DIGITAL ANIMALITIES EXHIBITION

Co-curated by Matthew Brower and Giovanni Aloi with the assistance of Seb Roberts

Combined Opening November 1, 2018
Aird Gallery 6-8pm Remarks at 6:30pm
Contact Gallery 6-9pm

Digital Animalities: Mapping. John B. Aird Gallery, October 30 - November 23, 2018.

Digital Animalities: Rendering. CONTACT Gallery, November 1 - December 15, 2018.

 Digital Animalities is a two-venue exhibition of artworks exploring human animal interactions in an age of risk. Digital technologies have been reshaping human understandings of animals and transforming the possibilities for human-animal relations. Artists have been at the forefront of exploring these challenges, using the languages and forms of artistic practice to stage, explore, and intervene in these emerging situations. These works present a range of approaches to the themes. They offer models for understanding new possibilities provided by new technologies, critiques of implicit tendencies in the workings and organizations of these technologies, and classifications and frameworks for orienting ourselves to these new possibilities.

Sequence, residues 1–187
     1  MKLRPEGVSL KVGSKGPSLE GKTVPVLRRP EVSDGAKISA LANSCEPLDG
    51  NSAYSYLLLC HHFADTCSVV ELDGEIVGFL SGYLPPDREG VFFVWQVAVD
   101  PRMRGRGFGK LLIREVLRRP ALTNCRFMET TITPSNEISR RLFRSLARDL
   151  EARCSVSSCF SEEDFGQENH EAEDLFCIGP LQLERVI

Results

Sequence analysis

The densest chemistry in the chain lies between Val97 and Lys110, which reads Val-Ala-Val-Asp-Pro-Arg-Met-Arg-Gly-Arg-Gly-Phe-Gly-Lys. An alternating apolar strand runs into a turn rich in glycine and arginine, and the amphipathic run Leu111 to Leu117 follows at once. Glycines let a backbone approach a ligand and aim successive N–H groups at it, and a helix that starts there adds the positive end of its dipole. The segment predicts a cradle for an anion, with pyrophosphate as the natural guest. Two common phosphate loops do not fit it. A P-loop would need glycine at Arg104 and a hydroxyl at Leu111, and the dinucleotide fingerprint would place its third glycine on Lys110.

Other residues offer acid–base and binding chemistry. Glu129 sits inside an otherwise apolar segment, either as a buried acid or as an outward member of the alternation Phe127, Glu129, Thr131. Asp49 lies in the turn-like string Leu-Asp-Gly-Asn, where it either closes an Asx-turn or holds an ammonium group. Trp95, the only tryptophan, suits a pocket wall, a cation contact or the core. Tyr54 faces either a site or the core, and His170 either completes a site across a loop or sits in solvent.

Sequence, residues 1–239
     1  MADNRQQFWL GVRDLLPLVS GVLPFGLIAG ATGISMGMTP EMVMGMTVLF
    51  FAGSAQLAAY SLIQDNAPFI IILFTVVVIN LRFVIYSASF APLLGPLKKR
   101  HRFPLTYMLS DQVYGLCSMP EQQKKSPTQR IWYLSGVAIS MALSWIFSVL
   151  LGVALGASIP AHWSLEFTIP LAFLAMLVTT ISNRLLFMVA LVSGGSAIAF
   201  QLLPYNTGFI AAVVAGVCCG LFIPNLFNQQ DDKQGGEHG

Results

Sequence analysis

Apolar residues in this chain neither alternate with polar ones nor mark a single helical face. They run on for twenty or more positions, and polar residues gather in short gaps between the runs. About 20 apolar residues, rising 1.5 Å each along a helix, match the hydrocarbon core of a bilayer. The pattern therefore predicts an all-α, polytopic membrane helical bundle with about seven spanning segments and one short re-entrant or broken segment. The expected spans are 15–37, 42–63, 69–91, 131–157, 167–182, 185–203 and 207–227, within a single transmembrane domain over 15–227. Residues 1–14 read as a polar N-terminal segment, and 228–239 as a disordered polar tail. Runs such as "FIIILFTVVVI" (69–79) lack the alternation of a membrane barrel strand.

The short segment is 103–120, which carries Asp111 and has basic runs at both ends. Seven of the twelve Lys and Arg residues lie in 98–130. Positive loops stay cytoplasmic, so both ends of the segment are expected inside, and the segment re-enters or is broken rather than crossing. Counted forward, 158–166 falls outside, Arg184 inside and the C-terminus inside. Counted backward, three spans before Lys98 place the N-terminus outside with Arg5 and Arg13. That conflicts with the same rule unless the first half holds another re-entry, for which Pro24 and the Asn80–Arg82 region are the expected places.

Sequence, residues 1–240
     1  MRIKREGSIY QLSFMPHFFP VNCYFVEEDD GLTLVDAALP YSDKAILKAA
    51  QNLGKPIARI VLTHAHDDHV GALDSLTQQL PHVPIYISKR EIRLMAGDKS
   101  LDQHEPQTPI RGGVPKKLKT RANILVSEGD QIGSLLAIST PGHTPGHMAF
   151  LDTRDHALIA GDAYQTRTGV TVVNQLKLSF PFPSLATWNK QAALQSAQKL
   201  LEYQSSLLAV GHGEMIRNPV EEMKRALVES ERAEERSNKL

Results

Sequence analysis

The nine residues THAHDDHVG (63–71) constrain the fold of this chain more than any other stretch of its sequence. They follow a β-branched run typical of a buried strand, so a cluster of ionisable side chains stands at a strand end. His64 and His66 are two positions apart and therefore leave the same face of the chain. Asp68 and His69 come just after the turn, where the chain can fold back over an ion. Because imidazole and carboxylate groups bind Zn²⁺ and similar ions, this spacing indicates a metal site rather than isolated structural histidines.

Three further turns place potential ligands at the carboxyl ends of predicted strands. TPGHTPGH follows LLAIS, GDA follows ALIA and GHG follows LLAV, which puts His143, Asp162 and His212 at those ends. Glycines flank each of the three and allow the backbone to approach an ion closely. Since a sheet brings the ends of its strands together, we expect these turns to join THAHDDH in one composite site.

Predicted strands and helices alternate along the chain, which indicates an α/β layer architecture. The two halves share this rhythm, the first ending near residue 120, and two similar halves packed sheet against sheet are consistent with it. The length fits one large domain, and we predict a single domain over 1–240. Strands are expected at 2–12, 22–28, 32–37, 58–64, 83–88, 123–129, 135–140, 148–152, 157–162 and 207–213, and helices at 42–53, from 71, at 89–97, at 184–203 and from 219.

Loosely organized under two major tendencies presented in the works, Mapping and Rendering, the two venues present complementary experiences of the evolving space of animality in contemporary digital culture. At the John B. Aird Gallery, the theme of Mapping brings together works by Julie Andreyev and Simon Lysander Overstall, Jonathon Keats, Gwen MacGregor, Neozoon, Ken Rinaldo, Lou Sheppard, and Donna Szoke that suggest how new cartographies organize and orient us. At the CONTACT Gallery, the theme of Rendering brings together works by Sara Angelucci, Ingrid Bachmann, Maria Fernanda Cardoso, Wally Dion, and Aki Inomata that reveal digital technology’s ability to scan and re-assemble aspects of reality. Curated by Giovanni Aloi and Matthew Brower, Digital Animalities is part of a SSHRC funded research project entitled “Digital Animalies: Media Representations of Nonhuman Life in the Age of Risk” led by Jody Berland of York University.

 Ken Rinaldo,  Prontay Seed , Giclee Print, 2013 (reprinted 2018)

Ken Rinaldo, Prontay Seed, Giclee Print, 2013 (reprinted 2018)

 Gwen McGregor,  Seamus and me 08 , looped video, 2008

Gwen McGregor, Seamus and me 08, looped video, 2008

 Donna Szoke,  Invisible Histories  .  Geo-loactive smart phone/tablet app, 2015

Donna Szoke, Invisible Histories. Geo-loactive smart phone/tablet app, 2015

Bios: